In a stunning and quantumly predictable yet unforeseen turn of events, I woke up facing a harsh reality before me: the people of the United States (my own “home and native land” as the Canadians would say and Republicans would repeatedly deny), divided by race, social class, and political party, had elected a basketball to the presidency.
This not to say that I hit the snooze button all Election Day yesterday. Like many people my age, I was glued to Facebook and Twitter with reactions to state breakdowns, Electoral College numbers, voter turnouts, demographics, and everything that both fairly and unfairly affects the political process in our nation. As I watched state after state filled in with Red, I stayed strong for both my family and my people.
However, after losing key battle states, I quickly began to lose my sense of direction. After channeling my energies and thoughts, I began to piece myself together enough to interact with others, and argued and debated the results. I simply talked about the signs that this could have happened. The telltale marks in the Clinton campaign that were pointing to her downfall, the signs in the manipulative and deceitful Trump campaign that pointed to its victory; all these things and more I talked about and debated with friends on a social media platform. In a way, I take comfort in that.
Democracy, at its very core and aligned with how our founding fathers intended it to be, is exactly that. Discussion, arguing peacefully and calmly with an open mind, discourse, and a constant moving forward. I take pride in knowing I have participated and continue to participate in a tradition of logical thinking, voting, and democratic debate that is the true pinnacle of our over 200 years as a nation. Though, it may surprise our founding fathers that it’s a punk Latino kid who’s doing the thinking and voting.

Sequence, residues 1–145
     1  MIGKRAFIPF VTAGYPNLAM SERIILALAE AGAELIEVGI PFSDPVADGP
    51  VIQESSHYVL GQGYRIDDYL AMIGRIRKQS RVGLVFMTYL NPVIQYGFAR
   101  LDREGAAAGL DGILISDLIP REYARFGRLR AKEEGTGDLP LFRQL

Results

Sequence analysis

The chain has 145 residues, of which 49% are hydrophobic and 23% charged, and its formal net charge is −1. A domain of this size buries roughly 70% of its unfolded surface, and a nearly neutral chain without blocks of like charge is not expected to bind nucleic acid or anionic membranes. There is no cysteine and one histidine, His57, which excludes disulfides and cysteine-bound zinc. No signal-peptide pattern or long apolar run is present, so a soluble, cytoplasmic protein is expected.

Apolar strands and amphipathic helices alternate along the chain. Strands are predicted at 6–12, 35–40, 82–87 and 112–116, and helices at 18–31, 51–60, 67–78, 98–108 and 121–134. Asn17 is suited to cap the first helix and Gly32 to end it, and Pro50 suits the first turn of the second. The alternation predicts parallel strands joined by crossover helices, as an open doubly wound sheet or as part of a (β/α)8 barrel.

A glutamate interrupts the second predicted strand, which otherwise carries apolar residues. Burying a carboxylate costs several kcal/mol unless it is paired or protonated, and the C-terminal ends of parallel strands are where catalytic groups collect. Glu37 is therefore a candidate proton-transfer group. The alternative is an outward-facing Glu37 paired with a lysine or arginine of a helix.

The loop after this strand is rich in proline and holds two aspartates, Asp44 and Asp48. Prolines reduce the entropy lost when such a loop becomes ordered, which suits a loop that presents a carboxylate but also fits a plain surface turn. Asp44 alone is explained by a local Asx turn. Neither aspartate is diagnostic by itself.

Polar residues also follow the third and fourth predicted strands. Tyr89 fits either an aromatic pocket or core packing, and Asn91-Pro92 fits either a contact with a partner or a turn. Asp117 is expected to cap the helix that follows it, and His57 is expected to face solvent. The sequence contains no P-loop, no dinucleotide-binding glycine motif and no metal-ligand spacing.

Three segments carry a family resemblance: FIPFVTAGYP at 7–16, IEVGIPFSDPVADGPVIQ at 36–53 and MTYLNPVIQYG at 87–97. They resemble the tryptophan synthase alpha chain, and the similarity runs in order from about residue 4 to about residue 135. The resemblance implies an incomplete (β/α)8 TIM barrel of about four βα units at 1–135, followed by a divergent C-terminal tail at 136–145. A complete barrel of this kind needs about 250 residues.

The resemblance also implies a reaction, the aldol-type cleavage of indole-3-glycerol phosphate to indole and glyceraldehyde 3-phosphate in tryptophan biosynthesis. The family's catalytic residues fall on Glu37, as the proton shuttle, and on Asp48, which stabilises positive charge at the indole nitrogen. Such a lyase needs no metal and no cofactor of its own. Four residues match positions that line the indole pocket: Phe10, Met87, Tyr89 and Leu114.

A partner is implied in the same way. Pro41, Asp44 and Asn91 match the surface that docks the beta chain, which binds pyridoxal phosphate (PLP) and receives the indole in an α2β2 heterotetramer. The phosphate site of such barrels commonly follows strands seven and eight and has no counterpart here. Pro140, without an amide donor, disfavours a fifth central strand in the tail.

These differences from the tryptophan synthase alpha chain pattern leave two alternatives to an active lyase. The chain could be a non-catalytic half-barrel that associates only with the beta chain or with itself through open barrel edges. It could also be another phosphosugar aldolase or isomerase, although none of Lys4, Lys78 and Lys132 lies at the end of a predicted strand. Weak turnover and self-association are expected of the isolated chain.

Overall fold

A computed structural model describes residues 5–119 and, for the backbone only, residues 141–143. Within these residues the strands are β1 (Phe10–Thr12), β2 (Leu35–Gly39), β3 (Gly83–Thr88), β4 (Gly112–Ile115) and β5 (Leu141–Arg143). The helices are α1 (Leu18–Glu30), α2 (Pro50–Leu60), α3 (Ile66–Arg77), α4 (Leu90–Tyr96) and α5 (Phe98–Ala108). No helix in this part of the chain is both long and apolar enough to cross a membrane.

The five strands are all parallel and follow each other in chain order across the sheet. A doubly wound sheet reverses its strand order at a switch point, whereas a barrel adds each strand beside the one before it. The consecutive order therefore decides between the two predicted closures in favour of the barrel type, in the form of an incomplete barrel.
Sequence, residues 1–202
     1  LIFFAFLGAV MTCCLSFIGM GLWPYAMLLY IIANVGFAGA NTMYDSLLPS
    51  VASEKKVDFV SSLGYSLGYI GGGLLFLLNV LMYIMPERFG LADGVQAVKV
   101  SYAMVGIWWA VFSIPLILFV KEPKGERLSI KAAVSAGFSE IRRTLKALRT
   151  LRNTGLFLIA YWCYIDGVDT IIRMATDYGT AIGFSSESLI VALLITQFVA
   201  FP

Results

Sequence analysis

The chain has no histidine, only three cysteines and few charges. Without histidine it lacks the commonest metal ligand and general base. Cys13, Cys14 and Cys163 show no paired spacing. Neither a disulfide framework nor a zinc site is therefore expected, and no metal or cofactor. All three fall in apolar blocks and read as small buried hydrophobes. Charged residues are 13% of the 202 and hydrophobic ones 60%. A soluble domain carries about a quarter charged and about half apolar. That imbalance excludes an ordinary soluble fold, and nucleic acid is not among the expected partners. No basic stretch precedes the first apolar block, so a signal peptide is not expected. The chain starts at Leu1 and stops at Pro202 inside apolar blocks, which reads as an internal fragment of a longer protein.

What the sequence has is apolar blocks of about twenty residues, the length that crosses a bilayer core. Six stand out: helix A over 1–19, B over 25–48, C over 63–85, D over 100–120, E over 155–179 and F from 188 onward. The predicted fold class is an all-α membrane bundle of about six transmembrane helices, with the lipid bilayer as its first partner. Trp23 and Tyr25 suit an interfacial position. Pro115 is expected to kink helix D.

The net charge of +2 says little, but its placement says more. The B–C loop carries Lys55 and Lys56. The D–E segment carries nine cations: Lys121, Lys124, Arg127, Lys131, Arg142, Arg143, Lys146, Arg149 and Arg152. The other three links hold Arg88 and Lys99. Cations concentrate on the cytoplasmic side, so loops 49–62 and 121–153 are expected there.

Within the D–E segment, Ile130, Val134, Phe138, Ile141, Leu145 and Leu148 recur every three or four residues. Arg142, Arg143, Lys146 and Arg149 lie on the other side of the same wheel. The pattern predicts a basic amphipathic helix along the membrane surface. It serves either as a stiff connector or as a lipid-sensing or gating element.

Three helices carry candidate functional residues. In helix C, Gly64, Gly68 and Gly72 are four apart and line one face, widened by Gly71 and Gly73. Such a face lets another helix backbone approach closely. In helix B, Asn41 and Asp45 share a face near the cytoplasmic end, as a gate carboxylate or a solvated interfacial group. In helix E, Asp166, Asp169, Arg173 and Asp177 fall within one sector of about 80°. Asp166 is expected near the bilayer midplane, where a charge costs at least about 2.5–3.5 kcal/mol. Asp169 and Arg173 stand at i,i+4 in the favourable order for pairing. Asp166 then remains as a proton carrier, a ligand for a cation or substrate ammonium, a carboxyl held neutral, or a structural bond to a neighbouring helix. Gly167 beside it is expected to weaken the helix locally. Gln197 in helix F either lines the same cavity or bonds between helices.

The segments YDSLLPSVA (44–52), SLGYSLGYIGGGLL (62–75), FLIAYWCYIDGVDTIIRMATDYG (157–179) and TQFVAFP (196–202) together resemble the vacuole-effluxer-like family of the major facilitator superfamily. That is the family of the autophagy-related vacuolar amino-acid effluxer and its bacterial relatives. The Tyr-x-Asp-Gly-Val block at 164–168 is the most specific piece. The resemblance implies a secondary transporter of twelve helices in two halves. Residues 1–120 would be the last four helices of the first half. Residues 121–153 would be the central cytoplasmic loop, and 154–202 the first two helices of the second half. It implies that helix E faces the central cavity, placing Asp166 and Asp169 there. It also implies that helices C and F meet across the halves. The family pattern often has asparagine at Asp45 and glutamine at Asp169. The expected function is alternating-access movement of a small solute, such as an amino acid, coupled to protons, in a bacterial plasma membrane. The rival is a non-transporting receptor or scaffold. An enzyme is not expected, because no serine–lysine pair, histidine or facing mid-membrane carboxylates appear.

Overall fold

And in this, I find solace. It would be easy for me as LGBT+ identifying, a person of color, and a 20-something year old trying to play the politics game to give up; as a minority in so many senses of the word, it would be easy to cry and play victim. It would be easy for me to collapse on the floor, claiming to be a martyr of modern politics. Many people my age ARE doing so, with snide “it should have been Bernie” posts on Facebook. However, the strongest guiding light I have is that I do not have the luxury or the privilege to do so. In these discussions of “What now?” and the absolute terror my brethren and sistren in the Latino and LGBT+ communities, we get up to fight again.
Surrounding me in Orange County is a very real, hateful rhetoric that is very sobering. I am no stranger to this, as I’ve been pressure cooked in it since birth. As a native of Anaheim and an alumnus from Cal Poly San Luis Obispo, being surrounded by a white, Republican majority and all its caveats is something I’m no stranger to.
In a world where a voting majority felt its rights were taken away by a “black man in the White House,” we are now facing a racist “white man in the White House.” For us, our very way of life is within firing range of not only a bigoted President, but a very powerful Republican-controlled House, Senate, and a seat still open on the Supreme Court. The consequences of losing this election are very real, and may take decades to repair.
However, this means we must continue to fight tooth and nail for the rights and liberties we deserve. Continuing under the assumption, after securing PoC rights in the 60’s, a woman’s right to choose in the 70’s, or jumping forward to the strides in LGBT rights we have now, that our struggles were over was almost naive and foolish. We’ve been fighting every day of our lives, making a place for ourselves and succeeding.
We must continue to fight, continue to succeed, and continue to prevail. Our future wills it, we have no other choice. We can’t afford the luxury nor have we the privilege to treat this election cycle as a joke. We can’t let our will be drowned out in a sea of ironic memes about Bernie Sanders, Trump caricatures, and half-hearted tweets lamenting our situation. We must take continue action, continue in the political process, and continue our struggles.
In a sea whose tsunami-like waves threaten to swallow us whole in a sea of white-foam and pitch-black waters, we must continue. We must go on; we have no other choice.